The natural boundary between water and land is much blurrier than it appears on a map. If you live near a pristine natural coastline or beach, go there with a map in hand. If you compare the actual sea/land boundary you observe, with the map, you will see how they do not match (or just how vague the boundary is).
Seawater is constantly moving due to the complex effects of the Earth’s gravity, its rotation, the Moon’s gravitational pull, and the Sun’s energy. This perennial, profound, rhythmically diverse and complex natural planetary interaction between seawater and land has been shaping, re-shaping, and evolving shorelines for hundreds of millions of years. Drawing the sea/land boundary line only represents a snapshot in time, of coastal changes that have been occurring over millennia.
The dynamics of such natural phenomena on a scale of hundreds of millions of years, unique to this planet, sculpts, shapes, and creates beautiful landscapes. Take Barbados, for example. The coastal areas of this island nation have been in a proverbial “battle” between the sea and the land, and as a result are blessed with beautiful beaches, dunes, marshes, and rocky headlands. Its west and south coasts are notably home to sea turtles, marine mammals, fish, seabirds, and coastal vegetation, creating a diverse ecosystem. Inevitably, people have historically also settled in these areas, and in recent years, industries (e.g., tourism) have further developed, taking advantage of its unique characteristics. In summary, the socio-economic and industrial development of Barbados is both based and dependent on the extremely delicate natural dynamics and ecosystems that have evolved over a long period of time.
This fine but delicate balance is being challenged by the effects of climate change, such as sea level rise, changing rainfall patterns, and more intense and frequent tropical storms. This means that Barbados’ already sensitive coastal areas have become increasingly more vulnerable in recent years. An IDB study undertaken in 2020 indicates that Barbados could lose US$30 million per year in economic inflows due to coastal climate vulnerability. The report further notes that this potential loss could increase as much as 6% by 2050 due to climate change.
Integrated Coastal Zone Management (ICZM)
Public policy frameworks for balancing the sustainable use of natural resources and socio-economic development in coastal areas are commonly referred to as coastal zone management (CZM) or integrated coastal zone management (ICZM). The origins of CZM or ICZM as public policy frameworks can be found in the Coastal Zone Management Act passed by the U.S. Congress in 1972. Internationally, CZM/ICZM as a public policy approach was also introduced at the 1992 Global Earth Summit. Since then, many countries, including in the Caribbean, have established ICZM public policy frameworks. However, only a very limited number of countries have incorporated a climate resilience perspective within them. No climate resilient ICZM public policy framework typology or methodological approach has yet, been established at the global level.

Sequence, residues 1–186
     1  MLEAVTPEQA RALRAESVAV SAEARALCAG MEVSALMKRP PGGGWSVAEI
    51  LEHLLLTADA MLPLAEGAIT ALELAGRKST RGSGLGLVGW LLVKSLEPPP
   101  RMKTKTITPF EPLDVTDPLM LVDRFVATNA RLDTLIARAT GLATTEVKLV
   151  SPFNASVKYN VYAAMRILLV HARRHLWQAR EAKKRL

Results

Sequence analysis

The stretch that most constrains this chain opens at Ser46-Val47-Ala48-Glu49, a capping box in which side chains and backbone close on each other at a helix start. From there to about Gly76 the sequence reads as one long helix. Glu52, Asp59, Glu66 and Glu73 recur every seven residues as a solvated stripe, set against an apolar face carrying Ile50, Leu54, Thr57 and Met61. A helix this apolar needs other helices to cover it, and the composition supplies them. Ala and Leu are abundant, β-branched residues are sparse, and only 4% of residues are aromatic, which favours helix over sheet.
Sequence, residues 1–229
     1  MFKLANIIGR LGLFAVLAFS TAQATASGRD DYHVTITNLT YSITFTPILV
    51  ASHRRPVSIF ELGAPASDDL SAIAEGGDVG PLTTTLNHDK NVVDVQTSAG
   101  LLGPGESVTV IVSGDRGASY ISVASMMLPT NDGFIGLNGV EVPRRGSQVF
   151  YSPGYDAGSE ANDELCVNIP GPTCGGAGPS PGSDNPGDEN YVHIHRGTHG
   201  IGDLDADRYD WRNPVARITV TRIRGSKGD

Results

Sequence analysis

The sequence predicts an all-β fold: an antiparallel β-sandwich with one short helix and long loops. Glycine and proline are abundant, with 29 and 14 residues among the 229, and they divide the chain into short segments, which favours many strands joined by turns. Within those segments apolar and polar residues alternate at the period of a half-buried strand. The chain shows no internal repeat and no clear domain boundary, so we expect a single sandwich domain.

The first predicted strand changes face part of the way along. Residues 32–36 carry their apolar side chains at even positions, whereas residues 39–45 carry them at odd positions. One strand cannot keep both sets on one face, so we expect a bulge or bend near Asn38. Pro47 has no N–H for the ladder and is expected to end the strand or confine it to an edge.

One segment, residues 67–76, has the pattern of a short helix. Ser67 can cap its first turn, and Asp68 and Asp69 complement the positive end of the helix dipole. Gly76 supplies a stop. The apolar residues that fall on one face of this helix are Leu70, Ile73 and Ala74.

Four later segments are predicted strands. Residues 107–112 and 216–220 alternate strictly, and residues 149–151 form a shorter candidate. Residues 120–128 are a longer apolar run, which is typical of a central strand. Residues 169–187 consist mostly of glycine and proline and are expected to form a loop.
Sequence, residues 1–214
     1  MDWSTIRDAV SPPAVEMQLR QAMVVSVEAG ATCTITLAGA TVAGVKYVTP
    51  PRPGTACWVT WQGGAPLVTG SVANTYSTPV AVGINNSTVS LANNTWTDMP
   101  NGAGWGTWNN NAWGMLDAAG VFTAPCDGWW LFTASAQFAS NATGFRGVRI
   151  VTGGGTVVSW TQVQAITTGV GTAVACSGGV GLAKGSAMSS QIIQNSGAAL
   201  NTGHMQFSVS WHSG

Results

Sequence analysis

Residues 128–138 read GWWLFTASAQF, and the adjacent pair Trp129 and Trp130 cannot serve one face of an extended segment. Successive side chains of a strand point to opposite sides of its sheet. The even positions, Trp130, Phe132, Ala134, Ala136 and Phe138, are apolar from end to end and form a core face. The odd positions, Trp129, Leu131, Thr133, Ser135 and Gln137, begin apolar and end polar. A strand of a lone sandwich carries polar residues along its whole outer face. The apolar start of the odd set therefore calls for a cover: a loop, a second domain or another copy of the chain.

Given this situation, the IDB, in partnership with the World Resources Institute (WRI), collaboratively developed a framework tool: Climate-Resilient Integrated Coastal Zone Management Performance Indicators in 2020 to verify the implementation of ICZM public policies that are resilient to climate risks. This establishes four principal categories necessary to achieve climate risk resilient sustainable socioeconomic development in coastal areas with more than 100 questions. The four categories are:
- Legal and institutional framework.
- Data collection, analysis, and use of science-based information.
- Planning and implementation of ICZM priority investment.
- Sustainable access to financial resources.
Diagnostics using this tool were first conducted in Belize in 2020. It was subsequently used to inform policy discussions during project formulation and implementation of IDB-financed coastal investment projects in the Bahamas and Dominican Republic (BH-L1043 and DR-L1154, respectively). Currently, the methodology is also being used as an input in the formulation of a new coastal loan project in Barbados (BA-L1059). It will also be used in the near future for policy dialogue through a technical cooperation project in Trinidad and Tobago (TT-T1117).
A transition from conventional to climate resilient ICZM of necessity, demands that traditional ICZM institutional repertoires embrace additional new technical skills, competencies, and approaches. Already, there are nascent, encouraging, futuristic climate resilient ICZM signs in countries e.g. Barbados, where incorporation of probabilistic risk assessment of coastal hazards is being contemplated for application in conditional, site specific coastal development permitting and in the design of future resilient coastal-infra public investments. Preliminary work to begin the development of valuation models and incorporation of natural capital valuation accounting within their ICZM is similarly encouraging.
Importantly and in due time, the good practices of each country, systematically identified through the application of the Climate-Resilient ICZM performance Indicator, will be shared throughout the Caribbean and Latin-American region. In this way, through the efforts, experiences, and lessons of coastal states, it is envisaged that a more fulsome climate resilience perspective will gradually be incorporated into contemporary ICZM public policies, ultimately leading to more stable development of national socio-economic and industrial activities against the climate change challenges experienced in their coastal zones.
We are committed to continue to contribute to and learn from these frontline-coastal-state-efforts for climate-resilient ICZM.